Whether you are learning tarot on your own, helping someone one-on-one, or teaching a class, there are several things you can do to help make things click.
The problem with teaching or learning tarot is that tarot is complex. Many times, folks feel intimidated by the sheer number of cards, decks, images, keywords and possibilities. Even worse is the anxiety about saying the right thing. That’s an anxiety that we all seem to have in one way or the other. Sometimes when applied to something profound like tarot that anxiety is increased.
The trick to learning or teaching tarot is to remove the anxiety and invite playful imagination. Students must make a connection between themselves and the cards. That connection doesn’t have to feel spiritual, and it doesn’t have to be about liking the artwork. The important connection, the thing that makes things click and produces aha moments, is when students see themselves in the cards, and see the way the cards can apply to their own lives. Here are five ways to make that happen for yourself or for others.
Break the Deck into Bite-Sized Chunks
The Major and Minor Arcana are each too big to handle as a whole at first. Break the Majors into smaller groups, perhaps the Fool as its own story, and then the twenty-one numbered cards into three groups of seven.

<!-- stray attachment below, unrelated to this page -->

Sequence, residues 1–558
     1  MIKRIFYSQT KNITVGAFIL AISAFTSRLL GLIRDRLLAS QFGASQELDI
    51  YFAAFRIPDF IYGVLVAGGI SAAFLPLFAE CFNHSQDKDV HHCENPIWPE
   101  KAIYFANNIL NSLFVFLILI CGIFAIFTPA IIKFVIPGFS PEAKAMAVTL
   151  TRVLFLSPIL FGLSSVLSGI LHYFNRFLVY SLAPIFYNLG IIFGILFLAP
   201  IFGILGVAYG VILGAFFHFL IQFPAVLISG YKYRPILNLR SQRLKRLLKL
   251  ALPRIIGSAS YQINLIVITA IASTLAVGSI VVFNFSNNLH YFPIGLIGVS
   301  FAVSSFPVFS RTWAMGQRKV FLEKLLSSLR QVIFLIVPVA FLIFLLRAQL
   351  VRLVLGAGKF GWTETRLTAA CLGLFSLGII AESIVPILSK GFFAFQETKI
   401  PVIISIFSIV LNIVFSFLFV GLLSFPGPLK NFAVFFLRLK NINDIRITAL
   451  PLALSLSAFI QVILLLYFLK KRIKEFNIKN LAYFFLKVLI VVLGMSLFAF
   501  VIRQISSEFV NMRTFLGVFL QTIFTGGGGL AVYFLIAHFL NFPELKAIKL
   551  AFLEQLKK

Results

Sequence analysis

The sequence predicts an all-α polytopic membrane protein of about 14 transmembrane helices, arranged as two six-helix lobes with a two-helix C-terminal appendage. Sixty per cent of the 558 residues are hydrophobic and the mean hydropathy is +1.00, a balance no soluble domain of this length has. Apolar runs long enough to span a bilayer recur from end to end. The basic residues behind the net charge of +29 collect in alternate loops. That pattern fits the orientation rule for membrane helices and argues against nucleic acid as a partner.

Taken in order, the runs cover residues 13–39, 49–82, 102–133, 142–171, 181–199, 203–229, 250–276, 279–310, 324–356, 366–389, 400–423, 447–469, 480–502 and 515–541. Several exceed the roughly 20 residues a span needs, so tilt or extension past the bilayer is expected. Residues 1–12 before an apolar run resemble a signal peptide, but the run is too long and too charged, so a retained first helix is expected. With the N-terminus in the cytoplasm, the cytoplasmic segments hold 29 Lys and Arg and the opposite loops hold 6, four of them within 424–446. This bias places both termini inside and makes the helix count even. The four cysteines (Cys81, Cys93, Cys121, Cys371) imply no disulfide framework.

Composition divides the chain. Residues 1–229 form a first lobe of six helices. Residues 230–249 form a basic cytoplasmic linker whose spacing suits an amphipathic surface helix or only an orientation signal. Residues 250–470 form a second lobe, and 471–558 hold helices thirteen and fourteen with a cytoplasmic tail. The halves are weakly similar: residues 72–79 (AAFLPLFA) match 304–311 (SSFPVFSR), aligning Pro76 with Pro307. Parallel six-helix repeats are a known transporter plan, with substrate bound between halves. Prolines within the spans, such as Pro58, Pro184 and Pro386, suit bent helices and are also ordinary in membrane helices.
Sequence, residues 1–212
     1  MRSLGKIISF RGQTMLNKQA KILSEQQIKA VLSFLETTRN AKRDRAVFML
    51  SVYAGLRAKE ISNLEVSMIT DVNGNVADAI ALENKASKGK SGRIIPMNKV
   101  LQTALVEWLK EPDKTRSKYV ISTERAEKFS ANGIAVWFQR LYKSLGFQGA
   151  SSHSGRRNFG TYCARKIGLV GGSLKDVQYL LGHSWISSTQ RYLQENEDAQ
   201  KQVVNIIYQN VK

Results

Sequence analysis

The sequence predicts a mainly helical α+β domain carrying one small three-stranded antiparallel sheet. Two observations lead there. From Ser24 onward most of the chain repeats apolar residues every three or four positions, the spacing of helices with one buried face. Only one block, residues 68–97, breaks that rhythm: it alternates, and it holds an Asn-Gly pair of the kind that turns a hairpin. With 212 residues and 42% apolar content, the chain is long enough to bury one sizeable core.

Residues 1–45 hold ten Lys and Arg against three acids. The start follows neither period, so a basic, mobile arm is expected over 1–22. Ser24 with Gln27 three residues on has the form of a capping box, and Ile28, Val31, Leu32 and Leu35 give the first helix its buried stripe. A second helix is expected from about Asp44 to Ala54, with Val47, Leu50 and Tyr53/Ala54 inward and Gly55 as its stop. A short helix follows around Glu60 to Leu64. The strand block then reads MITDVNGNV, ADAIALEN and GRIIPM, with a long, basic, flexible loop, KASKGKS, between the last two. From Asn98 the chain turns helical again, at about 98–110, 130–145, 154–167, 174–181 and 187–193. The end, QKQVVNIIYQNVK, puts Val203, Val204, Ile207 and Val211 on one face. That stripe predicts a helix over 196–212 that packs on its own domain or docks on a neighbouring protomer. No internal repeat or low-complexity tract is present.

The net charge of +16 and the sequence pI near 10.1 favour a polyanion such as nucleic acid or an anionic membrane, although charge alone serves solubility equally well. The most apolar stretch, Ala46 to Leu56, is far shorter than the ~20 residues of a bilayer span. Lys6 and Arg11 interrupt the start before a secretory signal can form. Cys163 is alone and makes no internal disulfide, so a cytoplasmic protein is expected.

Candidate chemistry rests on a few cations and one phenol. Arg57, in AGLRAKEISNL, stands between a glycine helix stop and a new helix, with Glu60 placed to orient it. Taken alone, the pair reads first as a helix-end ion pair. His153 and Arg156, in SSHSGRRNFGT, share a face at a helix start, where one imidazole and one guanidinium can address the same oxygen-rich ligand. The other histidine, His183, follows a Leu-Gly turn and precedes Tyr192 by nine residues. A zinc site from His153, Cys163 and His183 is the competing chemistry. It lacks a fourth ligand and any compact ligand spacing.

Break the Minors into suits Ace through Ten. You can handle the Court in groups of four by suit and by rank.
Discuss, learn and do exercises with each group to avoid having to learn or hear about too many cards in a row in a way that becomes mind-numbing. This also teaches the structure of tarot in a very organic way.
Tell Stories and Do Exercises
Use these small groups of cards to demonstrate how we tell stories with the tarot, and how the cards are connected to each other. Create divination exercises using only these small groups. For example, from the suit of Swords One through Ten find one card at random to describe how you are processing information at present.
You can also choose a card from each group cognitively to answer questions about your life. For example, from the first group of seven Major Arcana cards, which one most expresses the lesson you are working on in your day-to-day life?
Make the Psychic Connection
Don’t let the meditative, intuitive and psychic aspect of tarot be an afterthought. Begin your studies with meditation, chakra clearing, grounding, opening the third eye, creating psychic shielding and making a conscious connection to Spirit. Everything flows more easily from this place. Your study should happen in sacred space, just as your readings will.
Make Connections Between Cards and Life
When a card is pulled at random, ask how that card represents something that is happening currently. This ability to extrapolate between the image and real life is essential to tarot reading. Start developing this skill from the very beginning.
Find Yourself in the Cards
Look through the cards to find images that you identify with. In which of these cards do you see yourself? Why? If you can see yourself in a card, you are on your way to seeing others in the cards. Seeing people and situations in the cards is the primary skill we need to develop in order to read tarot for ourselves and others.